Missing a diagnosis is, obviously, something both doctors and patients continually want to avoid.
But when it happens, is it completely the doctor’s fault? That’s a question Pauline Chen addresses in a recent column. When it pertains to primary care, it all comes down to followup. She cites a recent study looking at breast cancer diagnoses and found that, “roughly a quarter of patients had experienced process of care lapses,” and, both “doctors and patients contributed equally to the resulting diagnostic failures.”
I previously wrote that follow-up is a huge problem, with a study showing that 7 percent of abnormal test results were never communicated to the patient. Physician practices need to do better in that respect.
But should patients who intentionally don’t followup, or shun medical advice for ineffectual alternative therapies, be completely blame free?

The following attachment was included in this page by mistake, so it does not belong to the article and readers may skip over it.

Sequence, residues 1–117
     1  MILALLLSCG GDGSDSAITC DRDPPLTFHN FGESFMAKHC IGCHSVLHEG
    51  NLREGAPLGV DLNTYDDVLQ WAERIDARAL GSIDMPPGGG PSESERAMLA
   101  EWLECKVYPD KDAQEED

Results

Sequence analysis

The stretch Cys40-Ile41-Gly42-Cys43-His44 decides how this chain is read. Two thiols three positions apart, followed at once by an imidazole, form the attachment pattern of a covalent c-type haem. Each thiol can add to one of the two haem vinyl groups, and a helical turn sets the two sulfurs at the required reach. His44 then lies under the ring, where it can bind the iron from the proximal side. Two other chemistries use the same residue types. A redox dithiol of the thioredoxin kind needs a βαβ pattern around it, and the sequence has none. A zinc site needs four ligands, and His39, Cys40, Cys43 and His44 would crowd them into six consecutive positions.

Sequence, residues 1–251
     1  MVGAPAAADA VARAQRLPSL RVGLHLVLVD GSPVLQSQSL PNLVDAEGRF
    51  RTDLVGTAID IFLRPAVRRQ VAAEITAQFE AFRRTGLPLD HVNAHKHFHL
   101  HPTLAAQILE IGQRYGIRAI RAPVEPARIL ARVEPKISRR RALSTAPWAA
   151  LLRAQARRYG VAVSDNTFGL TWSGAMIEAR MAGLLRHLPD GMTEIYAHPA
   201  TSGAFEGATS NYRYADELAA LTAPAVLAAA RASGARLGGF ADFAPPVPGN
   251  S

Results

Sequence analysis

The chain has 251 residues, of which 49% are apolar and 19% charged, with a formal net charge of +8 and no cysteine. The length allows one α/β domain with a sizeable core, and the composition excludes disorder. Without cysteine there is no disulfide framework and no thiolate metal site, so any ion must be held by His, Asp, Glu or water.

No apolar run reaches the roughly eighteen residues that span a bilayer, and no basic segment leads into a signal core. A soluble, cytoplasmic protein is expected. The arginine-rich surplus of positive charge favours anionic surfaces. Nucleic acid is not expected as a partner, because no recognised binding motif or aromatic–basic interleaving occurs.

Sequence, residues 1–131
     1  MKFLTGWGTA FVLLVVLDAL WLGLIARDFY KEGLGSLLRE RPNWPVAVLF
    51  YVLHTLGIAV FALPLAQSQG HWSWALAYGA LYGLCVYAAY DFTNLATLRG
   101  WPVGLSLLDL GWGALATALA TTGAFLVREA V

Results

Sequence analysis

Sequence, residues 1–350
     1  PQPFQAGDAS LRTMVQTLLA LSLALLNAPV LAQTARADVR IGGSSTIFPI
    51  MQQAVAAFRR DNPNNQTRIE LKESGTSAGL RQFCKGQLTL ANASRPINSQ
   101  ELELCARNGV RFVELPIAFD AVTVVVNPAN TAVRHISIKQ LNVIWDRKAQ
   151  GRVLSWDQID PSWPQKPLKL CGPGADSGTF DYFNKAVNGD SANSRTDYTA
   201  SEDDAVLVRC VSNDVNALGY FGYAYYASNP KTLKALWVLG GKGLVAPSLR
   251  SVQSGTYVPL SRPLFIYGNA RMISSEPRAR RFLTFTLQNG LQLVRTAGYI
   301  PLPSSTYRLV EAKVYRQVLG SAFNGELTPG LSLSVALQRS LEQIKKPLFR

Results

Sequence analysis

Internist Saul N. Weingart puts it nicely, saying that, although the responsibility shouldn’t be shared 50-50, “I also don’t think it’s 100-zero. I think there’s a shared responsibility. But given that the patients who fall through the cracks are usually the least resourceful and most vulnerable, there is at least a moral obligation for clinicians and health care systems to provide a robust safety net for these patients.”